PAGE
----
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The Big Conversation

Episode 138: The Fed's pushback at Jackson Hole

This week Jamie McDonald looks at market developments leading up to last week's Jackson Hole Economic Symposium. An easing in financial conditions doesn't appear to be in line with the wishes of a hawkish Federal Reserve, which has raised the risk of a significant re-pricing in risk assets. With one of the shortest speeches at Jackson Hole by a Fed Chair in recent history, Powell's comments came across firm and direct, as the Fed attempted to set the record straight.

  • Jamie [00:00:00] Recently we posed the question, is a rally bad for investors? Now, at the time, this suggestion could have come across as a bit counterintuitive. Rallies are great, right? Well, not if they buy Central Bankers more room to raise rates into a deteriorating economic environment.

    Jamie [00:00:19] Now, with a flurry of comments from regional Fed members and the highly anticipated speech from Jerome Powell at the Jackson Hole Economic Symposium last Friday, it appears the debate is over and the Fed is not for pivoting, at least not anytime soon.

    Jamie [00:00:37] In what statisticians are calling the shortest Jackson Hole speech by a Fed Chair or Vice Chair since at least 2010, a usually chatty Jerome Powell laid out his intentions right from the start. And I quote "today my remarks will be shorter, my focus narrower, and my message more direct."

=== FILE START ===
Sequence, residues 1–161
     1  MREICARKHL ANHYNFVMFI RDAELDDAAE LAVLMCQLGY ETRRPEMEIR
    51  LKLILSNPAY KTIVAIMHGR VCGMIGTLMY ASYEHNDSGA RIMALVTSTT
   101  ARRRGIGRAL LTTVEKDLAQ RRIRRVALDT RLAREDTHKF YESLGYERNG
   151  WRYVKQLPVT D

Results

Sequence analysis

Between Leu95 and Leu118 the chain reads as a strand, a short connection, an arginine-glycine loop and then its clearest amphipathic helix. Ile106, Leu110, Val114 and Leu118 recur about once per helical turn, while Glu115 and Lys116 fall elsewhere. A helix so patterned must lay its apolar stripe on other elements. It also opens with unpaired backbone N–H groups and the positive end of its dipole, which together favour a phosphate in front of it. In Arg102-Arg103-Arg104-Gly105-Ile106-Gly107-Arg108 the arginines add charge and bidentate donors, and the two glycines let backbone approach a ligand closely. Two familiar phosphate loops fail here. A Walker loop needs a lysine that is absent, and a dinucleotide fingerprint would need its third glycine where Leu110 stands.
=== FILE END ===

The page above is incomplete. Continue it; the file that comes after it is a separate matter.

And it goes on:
Jamie [00:00:58] His message, but more importantly, the implications of it, is this week's Big Conversation.

    Jamie [00:01:10] For a bit of context, equity markets have staged a powerful rally from recent lows, with the S&P 500 rising 17.4% over the two months between June 16th and August 16th. The ICE Bank of America high yield option adjusted spread, a popular measure of credit stress fell from a high of 6% in early July to a low of 4.2% in mid August.

    Jamie [00:01:36] Now, what's remarkable about this rally in risk assets is that it came at a time when the Federal Reserve raised its benchmark rate by 75 basis points at two consecutive meetings.

    [00:01:49] So what fuelled this rally? Because it certainly wasn't better data, nor better than expected earnings. Now, while we can never be certain about all the underlying factors influencing investor behaviour, I think it's fair to say that the foundation of this rally actually began in late May. And it's important to understand the story from May, to understand what's going on right now.